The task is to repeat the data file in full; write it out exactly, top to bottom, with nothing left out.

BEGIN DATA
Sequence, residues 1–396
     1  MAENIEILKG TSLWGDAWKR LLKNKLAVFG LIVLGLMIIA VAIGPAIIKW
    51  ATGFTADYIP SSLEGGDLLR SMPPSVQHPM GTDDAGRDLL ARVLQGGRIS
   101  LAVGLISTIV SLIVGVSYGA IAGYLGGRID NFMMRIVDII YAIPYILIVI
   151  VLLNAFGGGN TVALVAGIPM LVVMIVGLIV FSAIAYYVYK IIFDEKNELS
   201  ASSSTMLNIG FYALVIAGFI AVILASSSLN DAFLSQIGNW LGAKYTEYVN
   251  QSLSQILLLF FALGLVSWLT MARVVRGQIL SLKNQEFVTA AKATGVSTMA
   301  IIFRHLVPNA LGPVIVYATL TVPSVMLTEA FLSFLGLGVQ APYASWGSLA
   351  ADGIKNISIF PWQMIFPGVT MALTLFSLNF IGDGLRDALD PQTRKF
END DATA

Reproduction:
Sequence, residues 1–396
     1  MAENIEILKG TSLWGDAWKR LLKNKLAVFG LIVLGLMIIA VAIGPAIIKW
    51  ATGFTADYIP SSLEGGDLLR SMPPSVQHPM GTDDAGRDLL ARVLQGGRIS
   101  LAVGLISTIV SLIVGVSYGA IAGYLGGRID NFMMRIVDII YAIPYILIVI
   151  VLLNAFGGGN TVALVAGIPM LVVMIVGLIV FSAIAYYVYK IIFDEKNELS
   201  ASSSTMLNIG FYALVIAGFI AVILASSSLN DAFLSQIGNW LGAKYTEYVN
   251  QSLSQILLLF FALGLVSWLT MARVVRGQIL SLKNQEFVTA AKATGVSTMA
   301  IIFRHLVPNA LGPVIVYATL TVPSVMLTEA FLSFLGLGVQ APYASWGSLA
   351  ADGIKNISIF PWQMIFPGVT MALTLFSLNF IGDGLRDALD PQTRKF